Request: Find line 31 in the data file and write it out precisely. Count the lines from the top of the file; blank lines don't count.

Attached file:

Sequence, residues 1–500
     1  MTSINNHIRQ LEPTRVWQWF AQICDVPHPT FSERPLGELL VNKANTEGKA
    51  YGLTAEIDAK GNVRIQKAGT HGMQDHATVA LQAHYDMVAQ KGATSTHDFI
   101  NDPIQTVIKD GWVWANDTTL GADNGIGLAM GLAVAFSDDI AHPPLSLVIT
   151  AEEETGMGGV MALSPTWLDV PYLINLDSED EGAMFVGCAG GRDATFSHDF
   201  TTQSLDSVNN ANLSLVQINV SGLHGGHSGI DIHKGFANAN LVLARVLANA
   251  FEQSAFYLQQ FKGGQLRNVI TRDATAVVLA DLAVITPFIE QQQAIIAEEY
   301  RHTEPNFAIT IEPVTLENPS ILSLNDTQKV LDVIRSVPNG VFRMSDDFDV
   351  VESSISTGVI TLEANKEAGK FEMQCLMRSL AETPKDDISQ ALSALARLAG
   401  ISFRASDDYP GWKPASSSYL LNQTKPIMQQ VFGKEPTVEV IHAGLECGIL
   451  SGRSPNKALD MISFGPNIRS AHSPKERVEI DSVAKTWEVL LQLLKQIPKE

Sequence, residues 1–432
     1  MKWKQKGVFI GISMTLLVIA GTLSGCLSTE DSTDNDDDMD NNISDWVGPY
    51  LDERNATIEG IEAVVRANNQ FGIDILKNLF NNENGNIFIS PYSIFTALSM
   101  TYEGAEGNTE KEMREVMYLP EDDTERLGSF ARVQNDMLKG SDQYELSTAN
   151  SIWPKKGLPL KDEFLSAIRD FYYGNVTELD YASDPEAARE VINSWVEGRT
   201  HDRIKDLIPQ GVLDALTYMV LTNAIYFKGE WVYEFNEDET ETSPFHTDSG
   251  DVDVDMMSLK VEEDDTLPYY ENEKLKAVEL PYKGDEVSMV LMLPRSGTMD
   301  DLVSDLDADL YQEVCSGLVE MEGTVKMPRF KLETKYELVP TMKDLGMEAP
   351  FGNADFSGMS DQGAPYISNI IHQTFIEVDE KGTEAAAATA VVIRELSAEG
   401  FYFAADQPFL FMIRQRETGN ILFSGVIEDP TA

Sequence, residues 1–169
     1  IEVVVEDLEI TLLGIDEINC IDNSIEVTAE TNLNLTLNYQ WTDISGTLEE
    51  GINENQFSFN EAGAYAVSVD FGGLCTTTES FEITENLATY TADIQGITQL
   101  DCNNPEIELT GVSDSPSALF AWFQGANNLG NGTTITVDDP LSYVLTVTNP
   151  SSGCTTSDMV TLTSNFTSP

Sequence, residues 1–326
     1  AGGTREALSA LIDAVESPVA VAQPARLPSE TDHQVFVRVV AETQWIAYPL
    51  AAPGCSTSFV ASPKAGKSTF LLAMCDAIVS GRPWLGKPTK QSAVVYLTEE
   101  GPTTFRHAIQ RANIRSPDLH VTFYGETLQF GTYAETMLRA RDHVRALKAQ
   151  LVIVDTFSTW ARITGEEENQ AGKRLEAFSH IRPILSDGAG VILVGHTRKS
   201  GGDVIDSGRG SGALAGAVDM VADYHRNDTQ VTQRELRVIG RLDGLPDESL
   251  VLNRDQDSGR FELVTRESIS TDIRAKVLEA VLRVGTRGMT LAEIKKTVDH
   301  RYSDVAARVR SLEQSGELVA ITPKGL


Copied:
   151  LVIVDTFSTW ARITGEEENQ AGKRLEAFSH IRPILSDGAG VILVGHTRKS